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The Cardinals, for a second straight season, played three of the teams in the NFL’s final four. It helps that division brother San Francisco has made it in, and the Cardinals had their trouble with the 49ers this season, whether Alex Smith was the quarterback or Colin Kaepernick was calling signals. The games against the other two opponents that have made it to the championship games went a little bit better. The trip to Atlanta was a loss, yes, but it should have been a win with the way the defense played that day, amid the controversy of the benching-Skelton-for-Lindley situation. Obviously, the trip to New England was the Cardinals’ signature victory of the season, complete with late-game dramatics and a heart-stopping ending.
(And a game that seems like it was four years ago, not four months ago.)
It’s the same 1-3 record the Cards had against final four opponents last season. It’s hard to make a lot of comparisons with the way those teams are playing now to when the Cards met them. Even though the 49ers last game before beating up the Packers Saturday night was against Arizona, the game plan devised by the Niners with Kaepernick looked so deadly the other day. The Cards didn’t play great in that finale, but Kaepernick at least didn’t look like a Hall of Famer like he did against Green Bay. The Patriots, who lost tight end Aaron Hernandez early that day against the Cards, have clearly smoothed out the offense. The Falcons just don’t scare anyone, even in their dome, and everyone seems to agree — the Niners are road favorites against the No. 1 seed, for goodness sake.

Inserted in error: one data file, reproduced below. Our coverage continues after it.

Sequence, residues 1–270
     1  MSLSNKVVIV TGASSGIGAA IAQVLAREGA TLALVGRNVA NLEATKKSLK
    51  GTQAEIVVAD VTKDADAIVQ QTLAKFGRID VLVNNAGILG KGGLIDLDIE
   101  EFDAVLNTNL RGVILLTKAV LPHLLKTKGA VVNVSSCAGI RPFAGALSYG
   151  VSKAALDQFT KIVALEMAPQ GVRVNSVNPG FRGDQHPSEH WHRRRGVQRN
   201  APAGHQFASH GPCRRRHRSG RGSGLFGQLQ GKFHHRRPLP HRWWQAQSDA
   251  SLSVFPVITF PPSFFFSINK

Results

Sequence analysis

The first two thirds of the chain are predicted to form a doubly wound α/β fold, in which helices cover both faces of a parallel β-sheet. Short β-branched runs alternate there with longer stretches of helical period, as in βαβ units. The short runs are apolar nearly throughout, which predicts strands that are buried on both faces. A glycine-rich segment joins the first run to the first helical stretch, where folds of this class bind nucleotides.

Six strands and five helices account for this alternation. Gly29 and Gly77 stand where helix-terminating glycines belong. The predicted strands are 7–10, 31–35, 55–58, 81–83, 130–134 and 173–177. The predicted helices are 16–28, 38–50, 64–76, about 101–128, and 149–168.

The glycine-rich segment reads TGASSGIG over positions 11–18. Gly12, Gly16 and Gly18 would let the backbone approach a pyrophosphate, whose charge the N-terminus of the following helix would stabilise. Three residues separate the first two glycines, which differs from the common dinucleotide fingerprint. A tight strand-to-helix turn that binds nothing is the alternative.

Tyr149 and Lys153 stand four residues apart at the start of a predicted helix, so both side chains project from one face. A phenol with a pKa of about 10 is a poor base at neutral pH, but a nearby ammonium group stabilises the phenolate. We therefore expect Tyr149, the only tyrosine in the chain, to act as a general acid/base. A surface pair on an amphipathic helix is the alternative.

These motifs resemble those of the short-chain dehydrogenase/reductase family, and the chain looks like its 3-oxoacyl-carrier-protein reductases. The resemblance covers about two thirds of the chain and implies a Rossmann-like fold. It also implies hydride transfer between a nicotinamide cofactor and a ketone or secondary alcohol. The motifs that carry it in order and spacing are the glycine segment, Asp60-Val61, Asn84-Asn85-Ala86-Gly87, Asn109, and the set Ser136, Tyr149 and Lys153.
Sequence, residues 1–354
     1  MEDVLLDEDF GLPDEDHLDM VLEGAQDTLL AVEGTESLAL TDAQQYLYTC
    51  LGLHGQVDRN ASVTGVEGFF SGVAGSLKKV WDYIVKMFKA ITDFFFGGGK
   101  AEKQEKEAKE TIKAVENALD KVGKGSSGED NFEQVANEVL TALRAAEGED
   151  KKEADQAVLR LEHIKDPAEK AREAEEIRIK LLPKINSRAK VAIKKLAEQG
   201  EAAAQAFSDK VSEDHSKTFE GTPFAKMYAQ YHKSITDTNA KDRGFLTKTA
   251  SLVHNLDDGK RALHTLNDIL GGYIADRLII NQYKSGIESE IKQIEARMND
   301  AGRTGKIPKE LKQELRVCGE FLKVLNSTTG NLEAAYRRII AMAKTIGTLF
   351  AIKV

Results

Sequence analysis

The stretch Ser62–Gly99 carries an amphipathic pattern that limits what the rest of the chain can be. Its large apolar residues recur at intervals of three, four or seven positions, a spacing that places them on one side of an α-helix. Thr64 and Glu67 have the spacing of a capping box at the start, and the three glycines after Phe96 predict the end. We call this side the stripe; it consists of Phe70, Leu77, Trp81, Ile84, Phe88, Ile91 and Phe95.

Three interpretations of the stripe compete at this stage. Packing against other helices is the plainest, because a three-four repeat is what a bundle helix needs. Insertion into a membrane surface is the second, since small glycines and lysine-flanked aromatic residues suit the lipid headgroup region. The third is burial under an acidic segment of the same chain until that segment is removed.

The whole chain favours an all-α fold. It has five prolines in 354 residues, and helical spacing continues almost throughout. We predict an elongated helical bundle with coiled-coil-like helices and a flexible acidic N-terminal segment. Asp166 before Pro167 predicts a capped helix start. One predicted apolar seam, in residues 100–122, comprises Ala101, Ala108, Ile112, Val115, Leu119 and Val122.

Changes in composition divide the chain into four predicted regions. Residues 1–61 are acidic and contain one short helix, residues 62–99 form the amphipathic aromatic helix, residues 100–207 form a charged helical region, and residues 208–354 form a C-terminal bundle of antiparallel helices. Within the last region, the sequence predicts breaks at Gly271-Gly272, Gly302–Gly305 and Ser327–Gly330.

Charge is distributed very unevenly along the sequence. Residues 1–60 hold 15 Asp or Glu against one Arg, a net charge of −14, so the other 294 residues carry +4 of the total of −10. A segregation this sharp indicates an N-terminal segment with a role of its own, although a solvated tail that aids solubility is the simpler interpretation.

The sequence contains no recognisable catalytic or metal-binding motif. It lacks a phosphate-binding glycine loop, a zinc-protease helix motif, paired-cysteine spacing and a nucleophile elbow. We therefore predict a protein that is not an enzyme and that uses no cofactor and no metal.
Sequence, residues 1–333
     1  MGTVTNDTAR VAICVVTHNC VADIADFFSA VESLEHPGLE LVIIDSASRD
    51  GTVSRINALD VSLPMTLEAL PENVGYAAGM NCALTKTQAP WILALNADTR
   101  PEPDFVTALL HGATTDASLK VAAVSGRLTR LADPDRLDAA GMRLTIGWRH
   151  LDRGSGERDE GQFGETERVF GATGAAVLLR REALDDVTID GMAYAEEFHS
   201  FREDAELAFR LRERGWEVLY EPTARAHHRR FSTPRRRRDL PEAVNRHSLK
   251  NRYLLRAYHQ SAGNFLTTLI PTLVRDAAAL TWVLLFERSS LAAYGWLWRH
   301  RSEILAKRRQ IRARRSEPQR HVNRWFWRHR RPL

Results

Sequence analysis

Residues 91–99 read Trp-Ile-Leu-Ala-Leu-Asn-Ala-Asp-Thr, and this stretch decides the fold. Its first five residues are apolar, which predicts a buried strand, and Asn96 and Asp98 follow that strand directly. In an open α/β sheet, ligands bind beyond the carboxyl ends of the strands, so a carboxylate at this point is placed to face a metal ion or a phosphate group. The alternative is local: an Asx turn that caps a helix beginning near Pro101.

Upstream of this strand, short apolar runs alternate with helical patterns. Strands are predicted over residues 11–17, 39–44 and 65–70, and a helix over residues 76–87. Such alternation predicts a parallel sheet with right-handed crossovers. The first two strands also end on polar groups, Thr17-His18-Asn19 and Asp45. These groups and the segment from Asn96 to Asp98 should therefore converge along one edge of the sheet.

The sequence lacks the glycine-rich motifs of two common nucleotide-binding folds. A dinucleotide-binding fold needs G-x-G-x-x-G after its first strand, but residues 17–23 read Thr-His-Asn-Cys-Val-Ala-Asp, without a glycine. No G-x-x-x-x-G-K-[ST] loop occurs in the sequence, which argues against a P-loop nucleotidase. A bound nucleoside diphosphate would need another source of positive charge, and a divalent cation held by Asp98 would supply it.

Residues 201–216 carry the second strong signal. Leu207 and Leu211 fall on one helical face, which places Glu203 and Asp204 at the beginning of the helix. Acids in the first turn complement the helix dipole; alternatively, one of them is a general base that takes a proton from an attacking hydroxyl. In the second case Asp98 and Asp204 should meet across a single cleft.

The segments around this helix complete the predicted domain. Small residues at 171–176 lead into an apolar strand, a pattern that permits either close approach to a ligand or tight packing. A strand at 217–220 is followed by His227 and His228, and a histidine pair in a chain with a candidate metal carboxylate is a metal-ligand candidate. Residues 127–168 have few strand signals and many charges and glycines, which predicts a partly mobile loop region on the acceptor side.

– In the head coach search, Jay Glazer reported the Cards want to talk to Broncos OC Mike McCoy for a second interview. He was interviewed in Denver the first time so you’d figure everyone would want to get him in the building so he could actually see the physical situation.
Tags: 49ers, Alex Smith, Colin Kaepernick, Falcons, Packers, Patriots
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Next week, Ray Horton figures to get at least one if not several inquiries to interview for vacant head coaching jobs. He already had one last year – with the Rams – and as a minority candidate whose unit has played very good football this season, Horton figures to attract interest.
Horton didn’t want to necessarily go there today, his final day of meeting the media this season.
“I would say today I’m just trying to be the best D-coordinator in the league and I didn’t do it (this season),” Horton said. “We didn’t accomplish our goals. The rest of that stuff usually takes care of itself and usually teams that win more are rewarded that well.”
That said, when asked when he would know if he was ready for a head coaching job, Horton acknowledged, “A couple years ago – (although) you never know until you get there.”
Horton’s interview with the Rams reportedly went well and he had no reason to think he wouldn’t duplicate the feat. “I think if you are confident in what you do, every interview would be good,” he said. “I feel I’m prepared, smart, knowledgeable, humble and whatever goes with whatever that entails.”
None of that means Horton won’t be defensive coordinator in Arizona next year. A lot will happen across the league over the next few weeks. There is a lot of unknown about the Cards themselves. Horton said he isn’t thinking about that.
“All I know is I am going to San Francisco in the morning and I’m not going there to get any sourdough bread,” Horton said. “I’m going there to play a football game.”